Bear-hound attack shocks hunting community

Houndsmen are an important part of our hunting heritage and I would hate to lose them.
— wildlife biologist Forrest Hammond

Editor’s note: This story is second in a series. The first, “Bear-hunting hounds attack hikers and pup,” was published on October 31, 2019.
VERMONT — Members of the bear-hound hunting community, along with state officials, have expressed shock over an Oct. 19 incident on the Catamount Trail in Ripton, in which five bear-hounds attacked a couple and their puppy.
Such an incident has never happened before, say supporters, who characterize their sport as having a positive culture with strict practices and high standards.
Brandon resident Wayne Newton, whose bear-hounds were involved with the incident, has been charged with a criminal violation of 10 App. V.S.A. § 7.63a, which reads, “A person shall not take black bear with the aid of dogs unless the person is in control of the dog or dogs.” According to Vermont statutes, “Control of Dog/Dogs” means “the transportation, loading or unloading of dogs from vehicle(s); the handling, catching, restraining or releasing dogs; and the use of telemetry/GPS to locate or track dogs.”
“This aggressive behavior of the dogs represents a failure of the dog owner to properly handle and restrain the dogs,” wrote Vermont Game Warden Dale Whitlock in his incident report.
Newton has been fined $262 for the violation, with a five-point penalty on his hunting license.
In recent exchanges with the Independent Newton was thoughtful and apologetic, but he ultimately declined to comment for this story.

Forrest Hammond, a wildlife biologist and black bear project leader at the Vermont Department of Fish and Wildlife, was shocked to learn of the incident.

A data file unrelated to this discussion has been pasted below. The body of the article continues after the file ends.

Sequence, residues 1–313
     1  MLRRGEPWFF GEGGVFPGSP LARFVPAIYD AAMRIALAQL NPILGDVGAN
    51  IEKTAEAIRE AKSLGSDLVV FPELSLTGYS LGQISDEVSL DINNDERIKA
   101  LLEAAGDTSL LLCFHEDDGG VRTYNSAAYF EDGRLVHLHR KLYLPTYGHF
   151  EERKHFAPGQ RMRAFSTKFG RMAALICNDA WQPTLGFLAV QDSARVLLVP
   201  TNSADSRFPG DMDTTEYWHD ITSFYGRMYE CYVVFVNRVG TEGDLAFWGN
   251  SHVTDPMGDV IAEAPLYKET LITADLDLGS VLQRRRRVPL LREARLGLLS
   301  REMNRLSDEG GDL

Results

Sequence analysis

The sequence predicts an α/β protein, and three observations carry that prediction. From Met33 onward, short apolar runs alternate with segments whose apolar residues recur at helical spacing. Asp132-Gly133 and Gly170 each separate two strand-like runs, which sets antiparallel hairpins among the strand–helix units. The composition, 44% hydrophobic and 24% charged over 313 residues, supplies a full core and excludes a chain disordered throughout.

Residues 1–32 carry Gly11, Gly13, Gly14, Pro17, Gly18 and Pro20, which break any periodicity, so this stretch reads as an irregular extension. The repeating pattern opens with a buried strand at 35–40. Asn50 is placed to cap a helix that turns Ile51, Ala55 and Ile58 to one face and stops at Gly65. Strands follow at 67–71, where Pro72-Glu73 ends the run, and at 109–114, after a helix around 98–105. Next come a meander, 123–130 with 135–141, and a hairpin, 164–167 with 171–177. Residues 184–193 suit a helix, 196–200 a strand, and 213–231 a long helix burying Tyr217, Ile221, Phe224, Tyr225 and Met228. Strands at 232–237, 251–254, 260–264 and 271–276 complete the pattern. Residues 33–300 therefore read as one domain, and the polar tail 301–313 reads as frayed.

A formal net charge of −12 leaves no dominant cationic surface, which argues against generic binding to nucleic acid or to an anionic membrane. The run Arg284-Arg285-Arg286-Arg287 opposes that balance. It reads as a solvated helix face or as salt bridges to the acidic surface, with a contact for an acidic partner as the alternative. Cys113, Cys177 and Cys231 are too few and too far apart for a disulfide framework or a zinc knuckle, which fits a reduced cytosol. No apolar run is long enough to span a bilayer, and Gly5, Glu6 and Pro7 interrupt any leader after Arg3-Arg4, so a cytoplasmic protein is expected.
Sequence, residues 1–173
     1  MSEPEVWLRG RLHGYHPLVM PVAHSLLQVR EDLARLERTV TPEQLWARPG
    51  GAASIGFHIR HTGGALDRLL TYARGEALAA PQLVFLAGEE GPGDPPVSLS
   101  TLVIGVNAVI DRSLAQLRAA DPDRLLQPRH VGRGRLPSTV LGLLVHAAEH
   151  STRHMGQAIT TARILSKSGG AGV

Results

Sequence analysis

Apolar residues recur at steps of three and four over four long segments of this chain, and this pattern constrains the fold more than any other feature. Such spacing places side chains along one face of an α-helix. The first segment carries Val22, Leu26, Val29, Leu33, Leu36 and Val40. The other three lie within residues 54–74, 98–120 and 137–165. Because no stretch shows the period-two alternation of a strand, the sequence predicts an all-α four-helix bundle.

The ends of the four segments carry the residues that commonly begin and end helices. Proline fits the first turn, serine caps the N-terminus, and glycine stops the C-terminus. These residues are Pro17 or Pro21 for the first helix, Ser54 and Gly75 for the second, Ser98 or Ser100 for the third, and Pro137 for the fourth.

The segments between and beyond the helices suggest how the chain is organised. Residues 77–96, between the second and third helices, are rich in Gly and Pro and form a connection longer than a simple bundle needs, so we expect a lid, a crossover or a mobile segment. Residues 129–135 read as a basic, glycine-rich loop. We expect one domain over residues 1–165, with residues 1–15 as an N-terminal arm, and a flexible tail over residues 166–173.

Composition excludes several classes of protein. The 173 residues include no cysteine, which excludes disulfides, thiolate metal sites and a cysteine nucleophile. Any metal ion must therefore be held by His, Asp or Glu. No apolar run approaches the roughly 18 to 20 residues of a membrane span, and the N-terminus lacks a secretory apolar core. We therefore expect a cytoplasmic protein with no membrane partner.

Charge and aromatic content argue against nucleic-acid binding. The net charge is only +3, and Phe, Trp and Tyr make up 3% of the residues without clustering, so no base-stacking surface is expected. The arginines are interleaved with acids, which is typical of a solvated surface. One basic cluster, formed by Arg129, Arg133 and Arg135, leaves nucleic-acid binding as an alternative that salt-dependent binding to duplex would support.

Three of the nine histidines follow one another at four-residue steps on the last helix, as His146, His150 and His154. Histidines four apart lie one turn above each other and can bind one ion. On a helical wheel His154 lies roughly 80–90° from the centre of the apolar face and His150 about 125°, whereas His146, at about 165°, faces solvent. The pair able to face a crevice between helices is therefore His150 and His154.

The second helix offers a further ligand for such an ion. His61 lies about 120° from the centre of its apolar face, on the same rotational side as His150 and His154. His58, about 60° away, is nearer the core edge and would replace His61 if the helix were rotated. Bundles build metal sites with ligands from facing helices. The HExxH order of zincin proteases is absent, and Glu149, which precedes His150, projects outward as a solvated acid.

“I’ve been in bear management for 40 years, working with houndsmen, and I have never heard of a bear-hound biting a person,” he told the Independent. “The hounds are usually very focused on treeing bears and they usually ignore everything else” — including other dogs.
Hammond compared the incident to someone getting struck by lightning.
“I view this as an aberration, and so I’m not too worried about it.”
Butch Spear, president of the Vermont Bearhound Association, has been hunting with bear-hounds for 15 years — and with hounds generally for 57.
“I’ve never heard of anything like this before,” he said. “Bear-hounds like people.”
For more than a decade, the Vermont Bearhound Association has participated in the annual Dead Creek Wildlife Day in Addison, and Spear has brought his dogs along.
“A thousand kids touch them and there’s never been a problem,” he said.
Vermont Game Warden Dale Whitlock interviewed Newton the day after the incident.
“(He) said he wished it had never happened, and that his dogs had never done this before,” Whitlock wrote in his incident report. “Wayne said his dogs are friendly and he did not believe they would harm anyone.”
In an Oct. 26 phone interview with the Independent, Whitlock, too, expressed surprise.
“I’ve been a game warden since 1996 and I’ve never seen anything like this,” he said.

“If you want to know the truth about bear-hound hunting, call me and I’ll take you out,” Spear said in an open invitation to the public. “Because you won’t know until you go. Even if you only want to find something bad about it, come and see.”